With fears of softening manufacturing hanging over global equity markets, particularly in Asia and Europe, many central banks actively cut rates to allay economic concerns in the third quarter. Falling yields for sovereign debt and higher-rated credits also helped to soothe concern about the prolonged trade battle between the U.S. and China. Regional flare-ups, like the Saudi-Iran confrontation and the unexpected populist resurgence in Argentina’s elections, caused isolated turmoil in related markets. Comforting U.S. equity and dollar investors, the trend of resilient American consumer spending and employment continued unabated.
While the MSCI Emerging Markets Index sank 4.2%, the S&P 500 rose 1.7%. As a safe-haven asset, the FTSE 10-Year Treasury gained 3.2%. However, a brief but violent rebound in yields during September was the catalyst for a dramatic equity factor rotation from growth to value. The flight to quality in credit markets propelled the Bloomberg Barclays Credit Baa (+3.3%) while undermining Bloomberg Barclays US High Yield Caa (-1.8%). Geopolitical tensions coupled with central bank easing helped gold (+4.2%) as another safe-haven play.
Amid this backdrop of market tensions somewhat controlled by easing monetary policies, hedge funds struggled to find profitable opportunities. As a paper portfolio of hedge fund interests, the Credit Suisse Hedge Fund Index (CS HFI) inched ahead 0.3%.
Within CS HFI, widening spreads in lower-rated credits did not help Distressed (-3.5%), despite its more idiosyncratic risks. Long/Short Equity (+0.1%) benefited little from its net long beta positioning and was caught flat-footed by September’s sudden pivot from growth stocks. Similarly, Equity Market Neutral (-1.7%) slipped hard, especially affected by September’s violent factor rotation. Convergence trades outside of equity fundamentals, like Fixed Income Arbitrage (+0.3%) and Risk Arbitrage (+0.2%), managed to eke out a modest living.
The quarter’s bright spots within CS HFI were Managed Futures (+3.5%) and Global Macro (+2.1%), supported by the extended trend of falling rates. Currency carry also helped systematic top-down allocators. However, the Argentine election surprise, which crushed its debt and currency markets in August, badly hurt some discretionary macro traders.
Representing actual hedge fund portfolios, net of all fees, the median manager in the Callan Hedge Fund-of-Funds Database slipped 0.6%. Given the equity market’s fundamental churn with little beta support during the quarter, the median Callan Long/Short Equity FOF dropped 1.2%. Focused on relative value and conservative event-driven strategies, the Callan Absolute Return FOF (+0.1%) held its ground better. With its mix of both non-directional and directional strategies, the Callan Core Diversified FOF lost 0.6%.
Since the financial crisis, lower-fee liquid alternatives to hedge funds have become popular among investors for their attractive return profiles that have varying degrees of correlation with traditional stock and bond portfolios. Within Callan’s database of these multi-asset class (MAC) solutions are four style groups using different degrees of market exposure as well as styles of implementation. Given last quarter’s market environment, performance varied widely across these four styles.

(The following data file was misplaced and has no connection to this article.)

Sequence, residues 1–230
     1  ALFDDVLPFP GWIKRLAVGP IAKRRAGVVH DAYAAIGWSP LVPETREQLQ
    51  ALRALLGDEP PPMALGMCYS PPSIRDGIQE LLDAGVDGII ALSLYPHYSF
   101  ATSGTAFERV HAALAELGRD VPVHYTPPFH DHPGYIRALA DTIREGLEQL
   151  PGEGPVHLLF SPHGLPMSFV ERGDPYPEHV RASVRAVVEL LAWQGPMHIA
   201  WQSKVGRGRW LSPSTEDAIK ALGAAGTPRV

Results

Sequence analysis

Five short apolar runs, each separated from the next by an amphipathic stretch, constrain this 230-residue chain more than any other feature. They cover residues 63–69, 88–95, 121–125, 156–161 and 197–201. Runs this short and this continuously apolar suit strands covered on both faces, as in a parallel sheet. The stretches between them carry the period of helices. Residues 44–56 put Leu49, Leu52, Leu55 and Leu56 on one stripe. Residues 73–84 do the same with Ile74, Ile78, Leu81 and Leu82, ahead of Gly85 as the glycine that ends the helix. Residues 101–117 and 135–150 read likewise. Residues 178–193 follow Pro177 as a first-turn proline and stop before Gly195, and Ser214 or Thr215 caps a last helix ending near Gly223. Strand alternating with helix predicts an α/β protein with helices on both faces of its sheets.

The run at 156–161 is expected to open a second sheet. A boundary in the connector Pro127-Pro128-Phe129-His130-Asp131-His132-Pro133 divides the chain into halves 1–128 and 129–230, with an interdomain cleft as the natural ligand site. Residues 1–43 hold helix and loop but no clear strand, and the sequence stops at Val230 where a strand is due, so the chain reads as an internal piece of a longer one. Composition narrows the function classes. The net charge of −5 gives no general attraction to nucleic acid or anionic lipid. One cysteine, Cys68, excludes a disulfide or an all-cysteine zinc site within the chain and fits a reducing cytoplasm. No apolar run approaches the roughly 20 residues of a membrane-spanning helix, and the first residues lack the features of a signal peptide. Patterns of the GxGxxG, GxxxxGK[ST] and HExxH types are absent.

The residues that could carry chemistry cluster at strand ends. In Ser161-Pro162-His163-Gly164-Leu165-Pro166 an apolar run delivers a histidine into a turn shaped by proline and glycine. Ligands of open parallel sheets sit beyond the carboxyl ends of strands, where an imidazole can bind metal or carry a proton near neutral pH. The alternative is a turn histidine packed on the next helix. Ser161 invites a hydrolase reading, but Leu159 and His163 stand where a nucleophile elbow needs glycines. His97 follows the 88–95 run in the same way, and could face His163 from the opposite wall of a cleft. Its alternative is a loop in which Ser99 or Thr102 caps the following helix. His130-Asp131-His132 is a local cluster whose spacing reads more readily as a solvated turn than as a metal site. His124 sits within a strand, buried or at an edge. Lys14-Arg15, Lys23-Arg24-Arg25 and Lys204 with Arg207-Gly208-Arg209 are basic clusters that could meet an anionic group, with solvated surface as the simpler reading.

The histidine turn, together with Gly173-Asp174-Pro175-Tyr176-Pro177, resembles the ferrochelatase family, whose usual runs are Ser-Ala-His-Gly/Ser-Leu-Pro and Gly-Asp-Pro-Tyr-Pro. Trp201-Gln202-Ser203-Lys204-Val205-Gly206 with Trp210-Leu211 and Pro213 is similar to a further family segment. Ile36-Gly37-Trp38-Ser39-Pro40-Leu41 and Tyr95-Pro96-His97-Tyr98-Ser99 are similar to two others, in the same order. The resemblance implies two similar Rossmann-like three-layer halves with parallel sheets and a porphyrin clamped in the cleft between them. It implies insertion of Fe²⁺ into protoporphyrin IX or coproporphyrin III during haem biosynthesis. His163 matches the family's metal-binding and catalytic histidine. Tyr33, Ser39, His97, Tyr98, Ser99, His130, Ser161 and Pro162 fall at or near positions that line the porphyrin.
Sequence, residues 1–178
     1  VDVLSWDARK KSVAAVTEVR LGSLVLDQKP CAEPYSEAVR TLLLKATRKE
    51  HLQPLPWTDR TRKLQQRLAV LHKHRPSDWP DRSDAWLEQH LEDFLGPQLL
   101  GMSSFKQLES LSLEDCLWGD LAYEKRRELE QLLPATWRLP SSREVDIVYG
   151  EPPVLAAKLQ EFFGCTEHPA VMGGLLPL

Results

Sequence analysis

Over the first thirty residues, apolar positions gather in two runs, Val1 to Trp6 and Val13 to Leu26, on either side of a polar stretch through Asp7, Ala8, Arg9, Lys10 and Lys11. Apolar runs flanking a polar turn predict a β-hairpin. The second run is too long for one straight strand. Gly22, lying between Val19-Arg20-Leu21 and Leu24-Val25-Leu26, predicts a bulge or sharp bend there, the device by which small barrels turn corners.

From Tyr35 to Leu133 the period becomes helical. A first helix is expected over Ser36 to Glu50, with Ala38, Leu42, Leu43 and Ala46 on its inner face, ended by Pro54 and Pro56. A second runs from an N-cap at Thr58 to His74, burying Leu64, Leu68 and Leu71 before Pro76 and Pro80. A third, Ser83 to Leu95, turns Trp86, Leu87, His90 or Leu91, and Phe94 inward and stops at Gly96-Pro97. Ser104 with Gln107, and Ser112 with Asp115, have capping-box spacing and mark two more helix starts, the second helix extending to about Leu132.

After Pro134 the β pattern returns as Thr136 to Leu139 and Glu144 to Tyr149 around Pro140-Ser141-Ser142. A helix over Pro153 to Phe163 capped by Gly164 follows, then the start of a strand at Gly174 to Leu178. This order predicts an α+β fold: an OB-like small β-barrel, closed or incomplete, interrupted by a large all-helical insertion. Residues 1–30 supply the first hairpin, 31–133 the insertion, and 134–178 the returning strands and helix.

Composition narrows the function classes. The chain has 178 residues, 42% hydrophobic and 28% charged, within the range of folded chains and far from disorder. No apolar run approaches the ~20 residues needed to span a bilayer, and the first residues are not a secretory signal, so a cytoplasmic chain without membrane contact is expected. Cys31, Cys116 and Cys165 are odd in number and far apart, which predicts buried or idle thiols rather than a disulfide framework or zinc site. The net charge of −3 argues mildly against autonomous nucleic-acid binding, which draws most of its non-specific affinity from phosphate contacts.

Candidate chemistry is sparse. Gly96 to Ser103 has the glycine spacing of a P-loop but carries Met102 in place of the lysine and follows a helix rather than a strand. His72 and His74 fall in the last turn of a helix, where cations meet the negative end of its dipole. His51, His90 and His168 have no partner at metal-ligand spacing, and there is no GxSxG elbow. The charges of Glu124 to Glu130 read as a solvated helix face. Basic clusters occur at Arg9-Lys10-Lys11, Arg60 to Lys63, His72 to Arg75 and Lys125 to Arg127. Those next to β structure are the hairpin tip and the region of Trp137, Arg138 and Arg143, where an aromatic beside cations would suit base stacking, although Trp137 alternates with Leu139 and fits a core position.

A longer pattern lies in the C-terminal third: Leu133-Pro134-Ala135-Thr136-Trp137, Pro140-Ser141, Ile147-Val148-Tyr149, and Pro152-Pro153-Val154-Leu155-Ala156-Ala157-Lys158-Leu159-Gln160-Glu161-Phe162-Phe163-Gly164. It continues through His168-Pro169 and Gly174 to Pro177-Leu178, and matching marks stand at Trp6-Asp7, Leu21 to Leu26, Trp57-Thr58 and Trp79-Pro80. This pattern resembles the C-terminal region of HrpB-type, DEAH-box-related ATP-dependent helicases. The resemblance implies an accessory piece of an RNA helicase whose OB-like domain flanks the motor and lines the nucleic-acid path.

For example, the median Callan Risk Parity MAC, which typically targets equal risk-weighted allocations to major asset classes with leverage, gained 1.7% versus the 1.0% return of an unlevered benchmark of 60% MSCI ACWI Index and 40% Bloomberg Barclays Aggregate Bond Index. Given its usually heavy equity exposure within a discretionary asset allocation framework, the Callan Long-Biased MAC (+0.2%) underperformed the 60%/40% index.
Using a systematic process to target alternative betas of value, carry, momentum, and other non-market risk factors, the median Callan Risk Premia MAC accrued 1.1% versus a 5.1% loss based on the Eurekahedge Multi-Factor Risk Premia Index. Within risk premia, equity momentum was a key detractor, driven in part by September’s factor reversal. Rates momentum was an offsetting contributor given the trend of falling yields. As the most conservative MAC style focused on non-directional strategies of long and short asset class exposures, the Callan Absolute Return MAC edged ahead 1.3%, benefiting from its typical long bias to higher-quality assets.
Despite geopolitical uncertainties, capital markets remain mostly constructive with key monetary policymakers actively easing. Tangible progress in reducing trade tension will renew animal spirits in global equity beta, likely leading most hedge funds to lag traditional markets again. If global economic indicators soften further, thereby overwhelming the effects of central bank easing, hedge funds are positioned reasonably well to benefit from the uptick in perceived risks ahead.